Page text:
Often panic attacks are among the most unpleasant experiences one can endure. A sudden gripping sense of terror is accompanied by racing heart, rapid breathing, sweats, chills–symptoms vary somewhat–a sense of unreality, and a fear of dying. Most panic attacks occur during the day while a person is awake. Some awaken the sufferer “out of nowhere” from sleep.
Attacks of panic at night often occur before going to sleep or after sleeping just a little. If you realized that you wake up hyperventilating and losing control of yourself accompanied by hot or cold flashes, with a burning sensation on the face or neck and sometimes tingling sensations, then you’re having a legitimate panic attack. There are also lots of cases when individuals see tunnel vision before waking up.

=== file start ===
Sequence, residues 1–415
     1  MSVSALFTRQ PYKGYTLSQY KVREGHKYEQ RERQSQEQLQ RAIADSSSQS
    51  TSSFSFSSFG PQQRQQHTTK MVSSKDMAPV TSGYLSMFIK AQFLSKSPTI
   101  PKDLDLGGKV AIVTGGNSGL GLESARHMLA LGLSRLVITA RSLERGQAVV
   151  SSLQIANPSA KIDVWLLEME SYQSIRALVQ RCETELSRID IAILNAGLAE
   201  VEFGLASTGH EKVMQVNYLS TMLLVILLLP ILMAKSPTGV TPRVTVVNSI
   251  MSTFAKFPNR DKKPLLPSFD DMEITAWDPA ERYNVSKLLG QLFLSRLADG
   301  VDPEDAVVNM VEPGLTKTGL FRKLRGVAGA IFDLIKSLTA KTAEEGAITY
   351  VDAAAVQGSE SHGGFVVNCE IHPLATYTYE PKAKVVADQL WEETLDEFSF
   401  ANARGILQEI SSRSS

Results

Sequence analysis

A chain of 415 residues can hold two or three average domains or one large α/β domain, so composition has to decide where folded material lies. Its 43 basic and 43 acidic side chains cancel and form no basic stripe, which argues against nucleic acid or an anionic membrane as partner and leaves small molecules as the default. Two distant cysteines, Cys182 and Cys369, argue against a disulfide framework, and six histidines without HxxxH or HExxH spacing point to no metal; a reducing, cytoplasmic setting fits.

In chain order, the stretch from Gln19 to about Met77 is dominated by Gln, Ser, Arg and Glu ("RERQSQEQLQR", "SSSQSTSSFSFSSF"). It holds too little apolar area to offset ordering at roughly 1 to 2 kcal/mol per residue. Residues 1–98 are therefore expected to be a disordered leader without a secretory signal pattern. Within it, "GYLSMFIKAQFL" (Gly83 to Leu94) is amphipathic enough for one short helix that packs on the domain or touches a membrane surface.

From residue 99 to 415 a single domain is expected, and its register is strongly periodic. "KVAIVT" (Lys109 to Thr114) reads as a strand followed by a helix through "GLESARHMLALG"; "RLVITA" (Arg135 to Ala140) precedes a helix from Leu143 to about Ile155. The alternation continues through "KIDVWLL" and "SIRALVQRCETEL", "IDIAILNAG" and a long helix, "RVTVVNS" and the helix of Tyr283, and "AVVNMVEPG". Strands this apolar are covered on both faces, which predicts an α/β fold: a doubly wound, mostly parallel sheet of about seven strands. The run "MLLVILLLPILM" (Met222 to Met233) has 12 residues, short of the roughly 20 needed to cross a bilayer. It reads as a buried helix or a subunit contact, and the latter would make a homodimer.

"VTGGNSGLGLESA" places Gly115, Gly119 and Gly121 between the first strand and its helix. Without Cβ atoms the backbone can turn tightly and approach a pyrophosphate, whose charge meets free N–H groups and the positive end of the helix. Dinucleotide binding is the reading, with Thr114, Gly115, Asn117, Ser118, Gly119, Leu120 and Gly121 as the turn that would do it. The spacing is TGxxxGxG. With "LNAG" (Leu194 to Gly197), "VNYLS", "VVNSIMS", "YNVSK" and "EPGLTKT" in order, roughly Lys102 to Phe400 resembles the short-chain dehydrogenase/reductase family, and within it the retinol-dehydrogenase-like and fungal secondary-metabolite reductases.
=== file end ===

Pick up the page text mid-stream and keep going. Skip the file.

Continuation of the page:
You need to realize first that you are awake and experiencing a panic attack at night. Although the attack can cause you to really be confused on what is happening, having a confused mind can increase the longevity or severity of the attack. It is very helpful that you are able to realize the attack when it is happening. Also, you need to limit your movements as long as it is happening. Stay on the bed, lying or sitting down. Extra movements can aggravate the confusion and the attack. To be able to refresh your body, try breathing deeply several times and consciously put your mind to relax by being positive. Wait for the panic attack to subside and work your way back to sleep. It can really make a difference to know how to deal with panic attack at night.